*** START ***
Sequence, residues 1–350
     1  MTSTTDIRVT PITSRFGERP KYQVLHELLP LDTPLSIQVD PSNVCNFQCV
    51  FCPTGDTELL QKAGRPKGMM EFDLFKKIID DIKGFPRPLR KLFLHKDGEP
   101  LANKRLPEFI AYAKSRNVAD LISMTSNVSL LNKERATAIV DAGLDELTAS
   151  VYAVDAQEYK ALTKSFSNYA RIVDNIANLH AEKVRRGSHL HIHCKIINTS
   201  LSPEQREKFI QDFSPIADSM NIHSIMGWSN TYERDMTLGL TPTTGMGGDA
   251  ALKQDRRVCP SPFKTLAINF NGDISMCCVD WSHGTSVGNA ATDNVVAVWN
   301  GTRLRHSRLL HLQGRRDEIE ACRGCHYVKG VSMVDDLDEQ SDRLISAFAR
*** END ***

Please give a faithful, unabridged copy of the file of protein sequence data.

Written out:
Sequence, residues 1–350
     1  MTSTTDIRVT PITSRFGERP KYQVLHELLP LDTPLSIQVD PSNVCNFQCV
    51  FCPTGDTELL QKAGRPKGMM EFDLFKKIID DIKGFPRPLR KLFLHKDGEP
   101  LANKRLPEFI AYAKSRNVAD LISMTSNVSL LNKERATAIV DAGLDELTAS
   151  VYAVDAQEYK ALTKSFSNYA RIVDNIANLH AEKVRRGSHL HIHCKIINTS
   201  LSPEQREKFI QDFSPIADSM NIHSIMGWSN TYERDMTLGL TPTTGMGGDA
   251  ALKQDRRVCP SPFKTLAINF NGDISMCCVD WSHGTSVGNA ATDNVVAVWN
   301  GTRLRHSRLL HLQGRRDEIE ACRGCHYVKG VSMVDDLDEQ SDRLISAFAR